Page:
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LONDON, Feb 2 (Reuters) - Greece has proposed ending a standoff with its international creditors by swapping its outstanding debt for new growth-linked bonds, the new finance minister, Yanis Varoufakis, told the Financial Times in an interview.
Varoufakis also told the FT that Athens would no longer call for a write-off of Greece’s 315 billion euros of foreign debt.
Instead it will seek a “menu of debt swaps” including two types of new bonds - one indexed to nominal economic growth and one he called “perpetual bonds” to replace European Central Bank-owned Greek bonds, the FT reported.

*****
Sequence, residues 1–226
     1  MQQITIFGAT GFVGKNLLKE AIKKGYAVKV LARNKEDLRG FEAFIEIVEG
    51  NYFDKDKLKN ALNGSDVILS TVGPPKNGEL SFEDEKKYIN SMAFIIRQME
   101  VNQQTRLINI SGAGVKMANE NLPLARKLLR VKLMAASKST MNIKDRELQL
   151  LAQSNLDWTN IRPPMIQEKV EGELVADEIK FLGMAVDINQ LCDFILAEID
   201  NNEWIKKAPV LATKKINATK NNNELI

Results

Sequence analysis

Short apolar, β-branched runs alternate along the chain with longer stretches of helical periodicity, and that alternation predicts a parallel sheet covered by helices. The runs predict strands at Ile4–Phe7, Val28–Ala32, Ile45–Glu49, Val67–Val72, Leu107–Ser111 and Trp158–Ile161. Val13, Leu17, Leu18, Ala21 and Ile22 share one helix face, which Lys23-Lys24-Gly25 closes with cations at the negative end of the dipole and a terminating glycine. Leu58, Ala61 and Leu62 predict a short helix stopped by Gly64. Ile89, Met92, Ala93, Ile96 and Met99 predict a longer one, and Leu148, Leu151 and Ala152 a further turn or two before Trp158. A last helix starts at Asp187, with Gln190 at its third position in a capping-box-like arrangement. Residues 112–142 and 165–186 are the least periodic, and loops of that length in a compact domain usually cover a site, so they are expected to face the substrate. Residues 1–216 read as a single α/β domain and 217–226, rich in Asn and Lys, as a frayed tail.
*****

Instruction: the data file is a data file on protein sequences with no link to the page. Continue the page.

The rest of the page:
“What I’ll say to our partners is that we are putting together a combination of a primary budget surplus and a reform agenda,” Varoufakis told the FT.
“I’ll say, ‘Help us to reform our country and give us some fiscal space to do this, otherwise we shall continue to suffocate and become a deformed rather than a reformed Greece’.”
The bonds indexed to economic growth would replace Greece’s European rescue loans, Varoufakis said.
Varoufakis also said Athens planned to target wealthy tax-evaders and post primary budget surpluses of 1 to 1.5 percent of gross domestic product, even if it meant his party, Syriza, could not fulfil all the spending promises on which it was elected, the FT reported.
Greece’s new prime minister, Alexis Tsipras, and Varoufakis are touring European capitals in a diplomatic offensive to replace the country’s bailout accord with the European Union, the ECB and the International Monetary Fund, known as the “troika”. (Writing by Hugh Lawson; Editing by Alison Williams)